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I thank all who contributed to the discussion of bidirectional COIs at medical journals, published in the September 2009 and January and February 2010 issues of Mayo Clinic Proceedings. I also express appreciation to the members of the journal's editorial board and the peer reviewers who worked with Dr Hirsch, me, and the authors of letters to critique, select, and offer suggestions to improve the writings eventually published in this journal. I can speak only as a recipient of this process; I am impressed and thankful for the helpful suggestions offered.
The numerous letters, memos, and telephone conversations directed to the journal's staff, editors, and authors on the issue of bidirectional COIs represented one of the greatest responses to journal content in recent memory. Clearly, this topic struck a nerve with many Proceedings' readers: typically physicians engaged in the daily care of patients.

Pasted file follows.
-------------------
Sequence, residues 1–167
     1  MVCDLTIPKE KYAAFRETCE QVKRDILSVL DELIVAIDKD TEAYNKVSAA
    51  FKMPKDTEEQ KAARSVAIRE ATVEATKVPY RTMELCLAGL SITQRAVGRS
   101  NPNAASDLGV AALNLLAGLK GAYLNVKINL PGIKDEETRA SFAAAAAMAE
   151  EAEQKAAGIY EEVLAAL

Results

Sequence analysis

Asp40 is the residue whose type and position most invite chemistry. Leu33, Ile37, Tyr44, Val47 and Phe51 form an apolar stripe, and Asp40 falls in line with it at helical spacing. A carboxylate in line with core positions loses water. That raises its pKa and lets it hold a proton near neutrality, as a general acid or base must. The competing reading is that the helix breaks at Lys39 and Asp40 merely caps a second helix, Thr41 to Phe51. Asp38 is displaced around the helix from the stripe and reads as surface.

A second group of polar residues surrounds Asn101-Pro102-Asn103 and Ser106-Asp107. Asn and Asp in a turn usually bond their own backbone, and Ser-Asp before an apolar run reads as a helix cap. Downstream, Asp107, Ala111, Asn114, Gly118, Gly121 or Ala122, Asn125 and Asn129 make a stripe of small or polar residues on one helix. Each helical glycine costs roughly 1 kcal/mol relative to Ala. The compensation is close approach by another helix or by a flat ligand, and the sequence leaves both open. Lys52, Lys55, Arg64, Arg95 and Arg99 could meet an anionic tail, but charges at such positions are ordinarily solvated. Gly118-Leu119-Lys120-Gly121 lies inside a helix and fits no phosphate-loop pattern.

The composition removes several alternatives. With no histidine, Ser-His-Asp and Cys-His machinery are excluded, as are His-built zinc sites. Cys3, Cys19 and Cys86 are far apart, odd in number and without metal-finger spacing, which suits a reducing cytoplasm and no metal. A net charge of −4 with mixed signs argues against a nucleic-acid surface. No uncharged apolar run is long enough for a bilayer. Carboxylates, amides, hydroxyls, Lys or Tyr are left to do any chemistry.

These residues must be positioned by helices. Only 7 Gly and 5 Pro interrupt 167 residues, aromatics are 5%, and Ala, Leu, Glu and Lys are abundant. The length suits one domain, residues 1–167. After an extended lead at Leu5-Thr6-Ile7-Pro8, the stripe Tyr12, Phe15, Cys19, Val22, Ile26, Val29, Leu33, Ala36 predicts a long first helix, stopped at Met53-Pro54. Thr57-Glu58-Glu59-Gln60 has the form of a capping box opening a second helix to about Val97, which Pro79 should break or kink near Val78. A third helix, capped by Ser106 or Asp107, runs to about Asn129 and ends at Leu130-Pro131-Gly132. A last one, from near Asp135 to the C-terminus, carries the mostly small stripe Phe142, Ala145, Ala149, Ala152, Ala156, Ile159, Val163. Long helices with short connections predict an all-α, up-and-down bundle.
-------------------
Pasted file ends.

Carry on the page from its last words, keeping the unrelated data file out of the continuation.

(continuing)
The overwhelming majority of communications were supportive of the Proceedings addressing the issue of bidirectional COI and of the writings by Hirsch and Lanier that expanded the discussion. Perhaps the most common comment I heard was astonishment that many leading journals, editors, policy makers, and published authors had so exhaustively represented 1 side of journals dealing with the ills introduced by financial COI (particularly those involving drug companies) but had been so remiss in presenting counterarguments or in discussing the larger risk-benefit equation (including a discussion of tort litigation) as it relates to the discovery, invention, and introduction of drugs and medical devices. No correspondent tried to excuse industry-associated misdeeds; he or she simply wanted a broader discussion of the issues.